• by dfloyd888 (672421) * on Thursday July 13, 2006 @12:45PM (#15713299)
    Long ago, in the days of MS-DOS, there was a program that was excellent at detecting unknown MS-DOS viruses. Called Integrity Master, for maximum security one ran it from a bootable floppy, scanned files on the hard disk, and stored the file with the scanned signatures on a floppy. It wasn't SHA or MD5 hashes, but at the time it was solid security.

    Then, one periodically (once or twice a week, as paranoia sees fit) ran the utility on their machine. If stuff in the MS-DOS directory was changed, it was immediately apparant. Integrity Master also was able to scan for some known viruses as well in addition to keeping a log of changed files.

    We need a utility like that for Windows XP and Vista. A bootable CD or DVD that not just can understand NTFS (and NTFS's file compression), but has the necessary software to mount hard disks which are encrypted with BitLocker, PGP, SafeBoot, PointSec, WinMagic, DriveCrypt Plus Pack. The utility should also allow for username/password entry so EFS-protected files can be checked too.

    This utility should use a CD or DVD to boot from, mount hard drive volumes, run checks for alternate data streams, system and nonsystem files, and finally the registry, perhaps including the encrypted parts like the SAM. It should not just save hashes of files, but perhaps have some ability to check file signatures as well (like sfc.exe and sigverif.exe do), so an update to Windows via a legitimate way doesn't set off a lot of false positives. Of course, the "manifest" file storing the file hashes on the file system would be stored on a removable USB drive, so the OS on the hard drive never has the ability to touch it.

    Because this checking is done offline, a rootkit would be a lot harder to hide (unless it uses a method that the integrity scanner wasn't programmed to detect, like perhaps pointing to unallocated disk space for executable code, or hiding in an EFS-protected file.)

    Of course, offline checking isn't perfect, because the machine being scanned has to be totally downed for a good amount of time which can't be done in a 24/7 environment.

    There are some hurdles though. Trying to reduce the amount of false positives is one, for example. A novice user presented with a notice that a lot of files were changed likely wouldn't know what was a bad change, and what was normal for system functioning. After that, its decoding files and registry keys. Finally, if a known rootkit database was used, keeping track of how rootkits encrypt their payload, and delivering timely program updates.
  • Microsoft Private Folder 1.0 uses rootkit-like techniques to hide encrypted files from the Win32 API. I wrote a little about it in
    my blog [blogspot.com] a few days ago.

  • by Shadowland (574647) on Thursday July 13, 2006 @01:05PM (#15713406)
    [Yoda]
    Begun, the Rootkit Wars have...
    [/Yoda]
  • by Rimbo (139781) <rimbosityNO@SPAMsbcglobal.net> on Thursday July 13, 2006 @01:38PM (#15713566) Homepage Journal
    My boss was telling me how he'd spent all morning with the IT manager removing a trojan off of his Windows machine.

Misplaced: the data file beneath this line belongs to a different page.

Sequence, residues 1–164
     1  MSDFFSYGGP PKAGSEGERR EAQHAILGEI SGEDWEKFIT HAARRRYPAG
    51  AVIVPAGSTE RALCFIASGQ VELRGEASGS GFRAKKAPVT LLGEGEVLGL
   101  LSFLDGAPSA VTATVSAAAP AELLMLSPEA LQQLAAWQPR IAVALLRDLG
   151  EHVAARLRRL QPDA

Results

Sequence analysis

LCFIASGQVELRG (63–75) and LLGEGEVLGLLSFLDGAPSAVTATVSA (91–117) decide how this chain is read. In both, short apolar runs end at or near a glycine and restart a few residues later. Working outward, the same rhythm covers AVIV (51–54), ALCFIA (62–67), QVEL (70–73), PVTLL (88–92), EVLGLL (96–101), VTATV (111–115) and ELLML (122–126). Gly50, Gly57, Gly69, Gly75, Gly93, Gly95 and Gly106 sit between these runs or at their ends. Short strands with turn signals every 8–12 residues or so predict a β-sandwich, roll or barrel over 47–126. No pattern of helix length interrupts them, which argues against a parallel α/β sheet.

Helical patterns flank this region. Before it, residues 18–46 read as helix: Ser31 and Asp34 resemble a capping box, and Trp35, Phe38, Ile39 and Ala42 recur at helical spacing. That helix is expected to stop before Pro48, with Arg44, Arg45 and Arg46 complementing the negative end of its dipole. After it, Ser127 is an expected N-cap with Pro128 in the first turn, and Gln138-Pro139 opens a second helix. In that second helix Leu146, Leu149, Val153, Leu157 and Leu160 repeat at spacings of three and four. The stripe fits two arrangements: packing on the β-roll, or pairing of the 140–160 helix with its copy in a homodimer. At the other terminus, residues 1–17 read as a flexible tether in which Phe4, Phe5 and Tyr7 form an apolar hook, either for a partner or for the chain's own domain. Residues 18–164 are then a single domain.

I looked up from my iBook and FC5 workstation, looked him in the eye with a face full of innocence, and asked, "What's a 'Trojan?'"

    "Well, see, it's like... a 'trojan' is like the Trojan horse; it's a program that comes into your system and ..."

    wink

    "...why I oughtta slug you!"

    It's a good thing the guy's a consummate professional, because I probably deserve to be writing this from the hospital.
  • by Sloppy (14984) on Thursday July 13, 2006 @02:39PM (#15713947) Homepage Journal

    I don't know how or when it changed, but the orthodox approach to virus scanning used to be that you booted a known clean (very likely read-only) system in order to diagnose the possibly-compromised system.

    Every time I hear about how some malware uses a rootkit to "hide", I know it simply means that people are using compromised systems to diagnose themselves. That approach is fundamentally flawed. No one should be surprised that it doesn't work, and it shouldn't be news that it doesn't work. We shouldn't be seeing this article on Slashdot in any category other than the humor section.

    But we do see it, because it is news (to somebody?) because this unreliable approach to scanning is mainstream. How the hell did that happen?

    It happened because the AV companies are selling their products as something that Windows users install rather than boot. But we know and they know that can't work. It's snakeoil and I think selling it is despicable.

    • Sure.... but they also leave few real alternatives. So far, the most useful "boot from alternate OS to virus scan/clean" solutions are illegal, pirated boot CDs like "Hiren's" that make the rounds on the net.

      You could shell out the ridiculous price of $400+ for a copy of AVAST's B.A.R.T. CD, I suppose - but then you're stuck with their inferior virus scanning/removal technology. I've generally fared better running the latest AVG on a compromised system's own OS than relying on AVAST to get it clean runni